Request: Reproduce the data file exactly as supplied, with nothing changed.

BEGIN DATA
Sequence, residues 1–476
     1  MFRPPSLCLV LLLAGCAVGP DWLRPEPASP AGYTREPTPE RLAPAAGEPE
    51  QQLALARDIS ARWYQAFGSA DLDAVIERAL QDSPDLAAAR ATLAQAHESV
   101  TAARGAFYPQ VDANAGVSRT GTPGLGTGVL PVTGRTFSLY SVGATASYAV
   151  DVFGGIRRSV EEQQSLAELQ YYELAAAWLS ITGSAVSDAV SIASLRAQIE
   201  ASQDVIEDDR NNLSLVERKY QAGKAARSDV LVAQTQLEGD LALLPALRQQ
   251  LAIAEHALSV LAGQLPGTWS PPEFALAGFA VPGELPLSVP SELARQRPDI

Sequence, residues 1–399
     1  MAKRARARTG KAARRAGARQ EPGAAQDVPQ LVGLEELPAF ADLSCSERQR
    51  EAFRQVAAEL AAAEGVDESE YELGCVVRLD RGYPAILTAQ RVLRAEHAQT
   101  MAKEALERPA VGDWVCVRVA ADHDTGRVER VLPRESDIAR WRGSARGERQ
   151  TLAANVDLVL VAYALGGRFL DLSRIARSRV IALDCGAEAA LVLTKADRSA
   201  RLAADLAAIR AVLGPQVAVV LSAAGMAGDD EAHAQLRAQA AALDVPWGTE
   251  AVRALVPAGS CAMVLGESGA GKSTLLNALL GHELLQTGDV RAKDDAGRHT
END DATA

Sequence, residues 1–476
     1  MFRPPSLCLV LLLAGCAVGP DWLRPEPASP AGYTREPTPE RLAPAAGEPE
    51  QQLALARDIS ARWYQAFGSA DLDAVIERAL QDSPDLAAAR ATLAQAHESV
   101  TAARGAFYPQ VDANAGVSRT GTPGLGTGVL PVTGRTFSLY SVGATASYAV
   151  DVFGGIRRSV EEQQSLAELQ YYELAAAWLS ITGSAVSDAV SIASLRAQIE
   201  ASQDVIEDDR NNLSLVERKY QAGKAARSDV LVAQTQLEGD LALLPALRQQ
   251  LAIAEHALSV LAGQLPGTWS PPEFALAGFA VPGELPLSVP SELARQRPDI

Sequence, residues 1–399
     1  MAKRARARTG KAARRAGARQ EPGAAQDVPQ LVGLEELPAF ADLSCSERQR
    51  EAFRQVAAEL AAAEGVDESE YELGCVVRLD RGYPAILTAQ RVLRAEHAQT
   101  MAKEALERPA VGDWVCVRVA ADHDTGRVER VLPRESDIAR WRGSARGERQ
   151  TLAANVDLVL VAYALGGRFL DLSRIARSRV IALDCGAEAA LVLTKADRSA
   201  RLAADLAAIR AVLGPQVAVV LSAAGMAGDD EAHAQLRAQA AALDVPWGTE
   251  AVRALVPAGS CAMVLGESGA GKSTLLNALL GHELLQTGDV RAKDDAGRHT